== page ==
Player Evaluation Process (Northumberland Minor Hockey)

PrintPlayer Evaluation Process
To provide an environment that is fair for all players.
To provide an environment that is safe for all players.
To eliminate political maneuvering and interference from the player selection process and let players be evaluated on their own individual skills and development.
The Executive of NMHA will choose (sometimes through an interview process) the Head Coaches for each team. The Head Coach will be determined as early as possible during the tryout process in order for the Head Coach to select the final 20% of the team.

Executive to work with the coaches at the beginning of the year to ensure teams get off to a great start. (Guidelines for parent meetings, practice planning, yearly plans, conflict resolution).

In divisions U10 and up, a parent coach cannot be appointed as the head coach of a team until the child of the potential coach qualifies him for that team.

For all levels evaluated blocks for selection will be based on positions for player and goalie.

It is the goal of the evaluation process to first pick the highest level team and proceed down from this point. The final player selections (20%) for each team (U11 through U18) will be determined by each Head Coach. The Head Coach will have final say on the last 20% of the players (to a maximum of 3 players) selected for each team as long as the majority of the evaluation committee agrees. The evaluators will provide the selection of the first 80% of the players for a team.

The NMHA President, in addition to his/her self, will create an evaluation committee of at least 3 people which will find a minimum of three evaluators for each on ice session. For tiered levels, the potential Head Coach for the team being evaluated should not be a part of the evaluation team.

When evaluating goalies, the President will try to find evaluators with Goaltending knowledge.  There may be one session dedicated to evaluating goalies specifically.

Note: Potential coaches and/or evaluators will not evaluate their son/daughter throughout the tryouts.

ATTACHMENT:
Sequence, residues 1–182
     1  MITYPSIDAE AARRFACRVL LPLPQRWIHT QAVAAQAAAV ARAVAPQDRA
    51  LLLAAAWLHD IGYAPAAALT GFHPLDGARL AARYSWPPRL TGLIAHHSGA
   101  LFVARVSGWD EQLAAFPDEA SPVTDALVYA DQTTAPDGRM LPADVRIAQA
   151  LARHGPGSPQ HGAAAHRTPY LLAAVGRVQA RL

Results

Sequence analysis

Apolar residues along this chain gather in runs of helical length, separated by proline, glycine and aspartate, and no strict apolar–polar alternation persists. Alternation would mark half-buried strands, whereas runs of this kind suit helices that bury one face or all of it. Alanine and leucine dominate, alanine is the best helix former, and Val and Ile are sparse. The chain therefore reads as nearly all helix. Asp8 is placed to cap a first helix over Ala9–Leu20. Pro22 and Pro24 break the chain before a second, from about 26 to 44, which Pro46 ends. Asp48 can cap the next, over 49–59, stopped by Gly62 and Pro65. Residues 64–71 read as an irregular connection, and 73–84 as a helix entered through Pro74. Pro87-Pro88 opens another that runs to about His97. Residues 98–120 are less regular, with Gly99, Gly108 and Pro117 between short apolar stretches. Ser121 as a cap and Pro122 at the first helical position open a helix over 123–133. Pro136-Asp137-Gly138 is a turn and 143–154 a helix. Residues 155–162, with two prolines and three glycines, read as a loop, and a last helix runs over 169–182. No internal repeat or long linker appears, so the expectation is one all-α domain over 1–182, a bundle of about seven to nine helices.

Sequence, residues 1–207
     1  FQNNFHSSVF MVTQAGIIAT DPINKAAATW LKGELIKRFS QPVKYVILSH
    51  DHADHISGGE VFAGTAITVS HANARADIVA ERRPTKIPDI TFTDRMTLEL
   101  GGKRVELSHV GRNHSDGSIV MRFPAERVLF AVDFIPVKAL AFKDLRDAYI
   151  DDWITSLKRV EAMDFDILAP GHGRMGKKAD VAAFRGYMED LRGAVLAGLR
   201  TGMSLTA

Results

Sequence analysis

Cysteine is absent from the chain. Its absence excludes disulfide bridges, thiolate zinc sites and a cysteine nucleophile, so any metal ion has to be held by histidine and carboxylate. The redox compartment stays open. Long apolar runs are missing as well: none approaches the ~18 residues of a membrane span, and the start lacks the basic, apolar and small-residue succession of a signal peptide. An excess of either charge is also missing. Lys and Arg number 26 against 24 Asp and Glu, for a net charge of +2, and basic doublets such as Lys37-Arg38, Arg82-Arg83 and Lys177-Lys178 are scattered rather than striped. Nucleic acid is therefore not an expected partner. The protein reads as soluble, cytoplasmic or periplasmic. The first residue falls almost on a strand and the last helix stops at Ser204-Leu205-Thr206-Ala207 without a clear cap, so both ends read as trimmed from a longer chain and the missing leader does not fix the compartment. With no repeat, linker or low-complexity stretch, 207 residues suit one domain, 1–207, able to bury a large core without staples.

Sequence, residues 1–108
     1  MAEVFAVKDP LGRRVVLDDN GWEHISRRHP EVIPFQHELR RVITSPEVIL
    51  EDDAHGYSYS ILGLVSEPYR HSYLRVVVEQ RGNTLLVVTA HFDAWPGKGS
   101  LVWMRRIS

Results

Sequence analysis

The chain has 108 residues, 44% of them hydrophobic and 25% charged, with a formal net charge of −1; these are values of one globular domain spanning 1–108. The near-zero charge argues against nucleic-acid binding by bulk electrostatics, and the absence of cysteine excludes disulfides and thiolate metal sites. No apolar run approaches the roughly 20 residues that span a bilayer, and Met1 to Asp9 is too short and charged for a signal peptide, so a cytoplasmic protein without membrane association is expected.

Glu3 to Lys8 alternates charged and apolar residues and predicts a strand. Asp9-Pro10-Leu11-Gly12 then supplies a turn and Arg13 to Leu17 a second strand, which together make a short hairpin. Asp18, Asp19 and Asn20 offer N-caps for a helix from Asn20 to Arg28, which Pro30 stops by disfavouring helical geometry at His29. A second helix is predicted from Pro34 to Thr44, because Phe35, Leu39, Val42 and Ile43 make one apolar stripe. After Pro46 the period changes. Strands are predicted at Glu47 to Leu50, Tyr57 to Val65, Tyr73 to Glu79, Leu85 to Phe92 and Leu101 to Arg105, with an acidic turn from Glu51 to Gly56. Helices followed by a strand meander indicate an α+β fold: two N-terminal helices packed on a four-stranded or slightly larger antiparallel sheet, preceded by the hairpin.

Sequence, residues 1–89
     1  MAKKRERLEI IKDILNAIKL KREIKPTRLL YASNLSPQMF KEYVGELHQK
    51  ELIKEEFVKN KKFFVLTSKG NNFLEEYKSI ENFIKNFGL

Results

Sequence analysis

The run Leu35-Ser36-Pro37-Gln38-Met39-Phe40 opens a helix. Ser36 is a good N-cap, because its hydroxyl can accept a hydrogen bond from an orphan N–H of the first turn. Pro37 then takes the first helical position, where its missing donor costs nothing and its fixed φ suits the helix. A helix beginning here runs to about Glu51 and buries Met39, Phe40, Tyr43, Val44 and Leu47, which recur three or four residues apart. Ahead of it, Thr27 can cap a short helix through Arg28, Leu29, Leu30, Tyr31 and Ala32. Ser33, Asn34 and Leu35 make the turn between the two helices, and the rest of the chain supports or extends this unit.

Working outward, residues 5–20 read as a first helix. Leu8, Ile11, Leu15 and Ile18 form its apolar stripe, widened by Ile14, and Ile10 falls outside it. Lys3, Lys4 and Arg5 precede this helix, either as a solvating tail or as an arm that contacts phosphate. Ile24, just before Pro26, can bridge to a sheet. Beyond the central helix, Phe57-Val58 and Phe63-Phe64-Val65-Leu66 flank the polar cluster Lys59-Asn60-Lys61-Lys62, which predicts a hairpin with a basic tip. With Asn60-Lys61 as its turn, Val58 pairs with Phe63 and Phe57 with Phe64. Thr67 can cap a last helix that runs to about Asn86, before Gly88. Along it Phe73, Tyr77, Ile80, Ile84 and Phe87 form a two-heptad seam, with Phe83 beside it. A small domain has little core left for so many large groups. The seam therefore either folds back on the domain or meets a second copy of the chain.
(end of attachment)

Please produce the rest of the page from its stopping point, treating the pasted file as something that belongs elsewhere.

Organize players into a home or away jersey each session
Provide on ice session leaders with practice plans for skills sessions
Coordinate with Ref in Chief for any on ice officials needed for the evaluation process
Provide evaluators with a sheet outlining the criteria for evaluating a player prior to each ice session. Evaluators sheets will only show jersey numbers no names. Numbers may/should change between sessions
Encourage the evaluators to sit separately when evaluating to ensure independent evaluations and limit dialogue between evaluators pertaining to their evaluations.
Immediately following an evaluation session collect all evaluators forms for aggregate scoring.
At the end of each session ensure all the jerseys are collected and put back in the equipment room ready for the next use.


U7 & U9 
The first step is to identify head coaches for each team and then allow the players to skate/practice at least three times.

After the first three skates, the coaches will submit a player list ranking each player from 1 to 5 with 5 being the strongest player. There will be no designated goalie for U7 or U9. The evaluation committee and the coaches in conjunction with the President will then use those numbers to draft equal teams.  Siblings will be put together where possible.

TIERED LEVELS (U10 through U18)
The objective for tiered levels within NMHA is to select the “AA” team then the second and any subsequent teams following the evaluation process. There will be a minimum of 3 to a maximum of 4 on ice sessions of which 1 will be a designated skills session set aside for the evaluation process.

First session – Skills session and small area games

Second session – warm up drills followed by scrimmage. Some movement between groups may be necessary after scrimmage evaluation. Some players may be asked not to participate.

Third session – Exhibition games against other centres

This session may at the discretion of the evaluation committee be converted to warm up drills followed by a scrimmage. Some movement between groups may be necessary after scrimmage evaluation. Some players may be asked not to participate.